The 500M is pretty easy, just go, go hard and once again watch out for the red line black line thing. It is amazing how much harder it is to hold you line when go as fast as you do during these sprint time trials. You will be starting just above the black line right in front of the 200 meter line with a finish a lap and 7/8 right behind you in the middle of corner one and two. The start is critical for this race and the good ones will stand and accelerate for a whole lap. I would say if you make it back to the primary finish line out of the saddle you have done good. Your basic goal should be to stay as close to the black line as possible and spin your legs as fast as possible, so practice, practice, practice. TT Bars are optional in this event and I opt for not.

Standing Start Kilo: Lap Times
Not easy, imagine the 500 meter, then double it. Most of us can't sprint for 1000 meters so if you go for it, you will find the monkey on your back. If you don't know what the monkey is, just try to sprint for 4 laps and you will find out exactly how heavy it can get. So what to do? Well start conservative, but strong, same start line as the 500M but you finish about 15 meters past the big white finish line, so pay attention.

You want to build up speed steadily not quickly by again standing all the way to the finish line (two straights and one corner), I will then ease into corner one and two in the drops before dropping into the TT bars on the back straight (I recommend bars for this track only if you have practiced allot). At this point you are at or near your max speed and should hold that for the next lap. Those who say go for negative splits are dreaming. Of all the riders I have timed at every level of event very few (near 0) really do negative splits. Plus a negative split is much harder to get right (you might end up with too much left).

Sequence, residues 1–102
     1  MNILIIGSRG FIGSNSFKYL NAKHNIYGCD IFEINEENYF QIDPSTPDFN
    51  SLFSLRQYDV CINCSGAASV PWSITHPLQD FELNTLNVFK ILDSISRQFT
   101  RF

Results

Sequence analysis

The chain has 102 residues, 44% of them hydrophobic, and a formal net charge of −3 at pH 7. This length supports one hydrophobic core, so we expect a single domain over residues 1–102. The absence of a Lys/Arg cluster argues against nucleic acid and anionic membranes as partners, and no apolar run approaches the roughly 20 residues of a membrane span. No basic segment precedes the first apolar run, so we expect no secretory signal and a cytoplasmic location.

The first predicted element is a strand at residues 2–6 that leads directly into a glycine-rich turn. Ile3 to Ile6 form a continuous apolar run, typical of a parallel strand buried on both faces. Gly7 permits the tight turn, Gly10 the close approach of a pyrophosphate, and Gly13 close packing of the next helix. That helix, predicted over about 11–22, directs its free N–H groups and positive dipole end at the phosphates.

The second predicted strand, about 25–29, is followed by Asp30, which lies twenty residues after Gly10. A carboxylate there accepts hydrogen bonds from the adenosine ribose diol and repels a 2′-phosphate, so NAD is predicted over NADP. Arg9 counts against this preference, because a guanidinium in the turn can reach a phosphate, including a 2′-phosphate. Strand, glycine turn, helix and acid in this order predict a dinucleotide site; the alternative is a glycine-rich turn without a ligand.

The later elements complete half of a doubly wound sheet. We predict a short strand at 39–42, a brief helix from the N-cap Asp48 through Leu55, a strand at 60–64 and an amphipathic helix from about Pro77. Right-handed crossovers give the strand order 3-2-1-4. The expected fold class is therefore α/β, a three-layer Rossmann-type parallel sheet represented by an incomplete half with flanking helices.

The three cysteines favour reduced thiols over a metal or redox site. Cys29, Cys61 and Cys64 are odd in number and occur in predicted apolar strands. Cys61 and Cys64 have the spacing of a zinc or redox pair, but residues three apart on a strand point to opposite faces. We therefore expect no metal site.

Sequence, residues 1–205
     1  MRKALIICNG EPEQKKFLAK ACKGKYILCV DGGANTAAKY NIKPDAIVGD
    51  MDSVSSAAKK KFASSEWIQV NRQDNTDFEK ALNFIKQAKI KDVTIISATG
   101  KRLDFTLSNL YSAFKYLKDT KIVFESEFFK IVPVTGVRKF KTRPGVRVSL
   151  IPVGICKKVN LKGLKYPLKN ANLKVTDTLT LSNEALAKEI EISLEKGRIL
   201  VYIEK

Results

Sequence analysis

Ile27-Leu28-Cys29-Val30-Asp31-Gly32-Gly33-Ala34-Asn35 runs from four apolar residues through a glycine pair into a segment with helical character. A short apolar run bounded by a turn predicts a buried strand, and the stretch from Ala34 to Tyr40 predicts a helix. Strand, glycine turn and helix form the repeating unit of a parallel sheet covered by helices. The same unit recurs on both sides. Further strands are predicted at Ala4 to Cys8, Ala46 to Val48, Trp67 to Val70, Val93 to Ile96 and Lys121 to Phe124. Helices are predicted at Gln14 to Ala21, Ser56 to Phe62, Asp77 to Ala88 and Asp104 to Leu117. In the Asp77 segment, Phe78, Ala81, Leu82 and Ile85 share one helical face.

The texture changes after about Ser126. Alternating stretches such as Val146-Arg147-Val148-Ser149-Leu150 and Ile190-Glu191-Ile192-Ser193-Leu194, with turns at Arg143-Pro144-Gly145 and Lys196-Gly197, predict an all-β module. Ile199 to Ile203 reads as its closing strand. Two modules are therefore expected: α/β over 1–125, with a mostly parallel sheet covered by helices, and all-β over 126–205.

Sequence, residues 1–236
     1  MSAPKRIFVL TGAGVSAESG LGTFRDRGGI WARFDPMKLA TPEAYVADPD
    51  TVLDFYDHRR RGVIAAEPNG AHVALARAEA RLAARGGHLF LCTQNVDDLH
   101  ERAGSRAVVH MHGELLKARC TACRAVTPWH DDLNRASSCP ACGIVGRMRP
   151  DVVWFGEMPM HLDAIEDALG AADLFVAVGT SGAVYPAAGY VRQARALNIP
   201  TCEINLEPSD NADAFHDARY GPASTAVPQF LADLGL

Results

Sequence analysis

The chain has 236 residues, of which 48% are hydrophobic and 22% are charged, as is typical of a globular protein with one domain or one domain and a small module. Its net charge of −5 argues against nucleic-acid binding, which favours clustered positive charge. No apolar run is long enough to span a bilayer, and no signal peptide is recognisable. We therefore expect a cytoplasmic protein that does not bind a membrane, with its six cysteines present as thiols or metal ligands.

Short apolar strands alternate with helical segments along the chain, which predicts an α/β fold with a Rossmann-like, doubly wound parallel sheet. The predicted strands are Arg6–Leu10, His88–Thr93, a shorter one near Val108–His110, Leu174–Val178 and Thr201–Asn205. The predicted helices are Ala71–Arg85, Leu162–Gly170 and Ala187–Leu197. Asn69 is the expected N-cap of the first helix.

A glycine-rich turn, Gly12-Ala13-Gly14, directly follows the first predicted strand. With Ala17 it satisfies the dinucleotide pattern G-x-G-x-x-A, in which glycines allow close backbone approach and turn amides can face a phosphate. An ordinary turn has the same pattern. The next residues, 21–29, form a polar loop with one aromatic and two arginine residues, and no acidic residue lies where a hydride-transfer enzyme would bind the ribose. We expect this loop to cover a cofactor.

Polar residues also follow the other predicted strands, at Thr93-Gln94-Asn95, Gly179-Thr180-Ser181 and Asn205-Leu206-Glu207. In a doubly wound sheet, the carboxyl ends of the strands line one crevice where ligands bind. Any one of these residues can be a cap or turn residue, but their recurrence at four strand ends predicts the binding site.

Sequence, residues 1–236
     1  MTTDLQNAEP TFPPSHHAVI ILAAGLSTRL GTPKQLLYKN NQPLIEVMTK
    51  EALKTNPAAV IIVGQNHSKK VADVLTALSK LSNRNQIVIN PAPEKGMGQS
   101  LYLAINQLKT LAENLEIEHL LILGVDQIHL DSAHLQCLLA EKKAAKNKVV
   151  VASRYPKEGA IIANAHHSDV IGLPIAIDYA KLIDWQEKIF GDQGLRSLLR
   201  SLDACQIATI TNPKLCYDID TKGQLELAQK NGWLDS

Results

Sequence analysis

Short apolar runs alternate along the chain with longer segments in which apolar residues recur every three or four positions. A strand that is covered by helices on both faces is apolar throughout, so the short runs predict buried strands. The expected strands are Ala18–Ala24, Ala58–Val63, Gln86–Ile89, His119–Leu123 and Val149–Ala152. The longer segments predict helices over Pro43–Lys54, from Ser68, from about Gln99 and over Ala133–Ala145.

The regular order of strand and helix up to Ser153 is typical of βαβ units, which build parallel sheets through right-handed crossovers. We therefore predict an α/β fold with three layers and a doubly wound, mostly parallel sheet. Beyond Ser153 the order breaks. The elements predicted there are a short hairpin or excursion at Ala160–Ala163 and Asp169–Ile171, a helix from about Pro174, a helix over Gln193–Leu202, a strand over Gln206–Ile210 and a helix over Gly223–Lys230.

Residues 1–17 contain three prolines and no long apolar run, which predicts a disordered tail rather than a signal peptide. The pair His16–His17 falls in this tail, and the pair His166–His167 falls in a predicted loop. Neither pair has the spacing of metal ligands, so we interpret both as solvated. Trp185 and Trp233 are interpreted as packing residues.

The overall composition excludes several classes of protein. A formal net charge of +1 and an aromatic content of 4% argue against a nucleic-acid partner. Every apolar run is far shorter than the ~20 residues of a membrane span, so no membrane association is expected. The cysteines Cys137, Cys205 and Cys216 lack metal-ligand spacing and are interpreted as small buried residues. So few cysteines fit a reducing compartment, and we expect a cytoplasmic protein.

So you are going max speed and finishing your second lap. If you did it right you will be wondering what's up as you start on your third lap. You won't be totally blown, but you can't believe that you could hold this any longer. Well it is only a lap and a half to go as you start to enter corner three and this is the critical part of the race. If you can just hold this speed one more lap you will do fine. Don't worry about the final 200 meters just yet, think that you just need to get to the bell then get to the 200 meter line where you started. At this point the pain is real and you will be slowing down, don't worry just go, try to spin, think spin, think spin. Somehow you will make it to the finish line and you will be so happy when you cross the line. Oops were you too tired to go the real finish? Remember you have to go past the primary white and black finish to another line just before corner one.

Emily Thurston
  Emily Thurston during the 3000 meter pursuit competition of 2001's AVC.  
Standing Start Pursuit: 3000 Times, 4000 Times